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COVID-19: Pandemic break from exams offers chance to change the way we test

As more and more school boards decide to do away with end-of-term exams because of the pandemic, some experts say it may be time to think about if or how we want to bring them back.
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The COVID-19 pandemic has upended the way our kids have been learning, and some experts say we should be taking this chance to make some much needed changes.

The COVID-19 pandemic has upended the way our kids have been learning, and some experts say we should be taking this chance to make some much needed changes.

High School students across Waterloo Region learned on Tuesday they would not have to write final exams this term and, while it came with a sigh of relief for many, it also might offer a chance to rethink the way we test.

"It's time for a bit of a change," said Joel Westheimer, University Research Chair in Democracy & Education at the University of Ottawa. "Exams have traditionally measured a very narrow, narrow part of what goes on in schools - it doesn't mean they have no value  - but they serve some kids and don't serve other kids."

Even within subjects we would normally think of as being well suited for exams like Math and English.

"Tests are reasonably good at telling whether kids can add two plus two and get four," said Westheimer. "And let's say English, they're pretty good at telling whether kids can decode the words of a sentence."

But he said few Math and English teachers would say that measures the scope of what they're trying to teach.

"Simple addition is one thing, how to think mathematically is another," said Westheimer. "And that's a much harder thing to assess."

He said standard testing doesn't measure things like critical thinking and creativity, so they effectively narrow our focus on only the things they are good at measuring.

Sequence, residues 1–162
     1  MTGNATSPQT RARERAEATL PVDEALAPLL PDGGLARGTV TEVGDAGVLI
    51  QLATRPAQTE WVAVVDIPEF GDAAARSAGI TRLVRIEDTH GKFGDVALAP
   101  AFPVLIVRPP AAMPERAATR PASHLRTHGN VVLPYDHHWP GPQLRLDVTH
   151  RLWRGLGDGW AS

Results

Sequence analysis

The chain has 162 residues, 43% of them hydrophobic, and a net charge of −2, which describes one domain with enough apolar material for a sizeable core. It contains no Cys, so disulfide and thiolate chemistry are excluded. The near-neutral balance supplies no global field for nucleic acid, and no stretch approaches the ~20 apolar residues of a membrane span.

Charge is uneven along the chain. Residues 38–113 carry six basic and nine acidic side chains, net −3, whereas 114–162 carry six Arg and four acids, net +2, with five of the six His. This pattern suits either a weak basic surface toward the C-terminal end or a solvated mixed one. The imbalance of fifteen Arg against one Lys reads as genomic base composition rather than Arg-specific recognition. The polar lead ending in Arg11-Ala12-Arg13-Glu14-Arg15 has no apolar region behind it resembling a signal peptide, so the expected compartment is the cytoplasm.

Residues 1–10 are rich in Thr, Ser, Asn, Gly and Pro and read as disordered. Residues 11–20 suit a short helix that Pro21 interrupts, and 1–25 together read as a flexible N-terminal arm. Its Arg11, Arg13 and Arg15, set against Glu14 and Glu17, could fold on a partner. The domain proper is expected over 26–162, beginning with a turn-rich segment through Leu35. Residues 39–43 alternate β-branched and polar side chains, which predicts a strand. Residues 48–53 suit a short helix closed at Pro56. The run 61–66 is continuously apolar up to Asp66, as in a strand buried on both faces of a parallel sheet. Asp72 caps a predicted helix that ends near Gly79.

"I don't think that it's a matter of tailoring something to each individual student but I do think that what would be helpful is having an array of options for how to assess children's work," Westheimer said.

Westheimer pointed to schools that have started to do what he called 'portfolio assessment' - similar in idea to an artist showing off their best work.

"Much like that, a student would assemble a portfolio of their best work through the semester, or the month, or the year," said Westheimer. "And then they would exhibit it in a kind of exam - but it's usually called an exhibition - and they would explain their work and they would be asked questions about it."

"And that way students are getting the opportunity to curate their best work rather than do what exams are designed to do which is more of catching people not knowing things rather than letting kids know what they do know."

Westheimer suggests parents and the public may be partly to blame for losing focus.

"In the last several decades there's been more and more of this idea of accountability - how can we tell whether teachers are doing their job,' said Westheimer. "The way we can tell whether teachers are doing their job is to hire the best teachers and making sure that they act as the professionals they are rather than trying to take that professionalism away from them.

Westheimer said he's not against general benchmarks - but adds the best predictor of how students are going to do isn't standardized test results but teachers' grades.

"Teachers know the students directly," said Westheimer. "They know, for example, that a student took this exam but had just lost a parent or had just experienced an illness so they discount that - exams don't really do that."


Casey Taylor

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